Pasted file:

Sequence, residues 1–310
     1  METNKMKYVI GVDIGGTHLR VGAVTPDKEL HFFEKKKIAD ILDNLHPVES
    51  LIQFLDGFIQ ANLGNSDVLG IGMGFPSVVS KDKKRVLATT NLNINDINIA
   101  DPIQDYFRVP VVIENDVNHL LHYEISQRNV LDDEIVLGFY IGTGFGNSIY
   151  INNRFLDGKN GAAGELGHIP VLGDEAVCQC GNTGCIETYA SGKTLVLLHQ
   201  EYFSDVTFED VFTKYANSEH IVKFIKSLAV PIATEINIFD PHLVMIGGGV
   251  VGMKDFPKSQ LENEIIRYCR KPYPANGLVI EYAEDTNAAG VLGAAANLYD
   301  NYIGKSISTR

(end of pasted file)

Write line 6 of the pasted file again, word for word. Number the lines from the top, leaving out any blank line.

   201  EYFSDVTFED VFTKYANSEH IVKFIKSLAV PIATEINIFD PHLVMIGGGV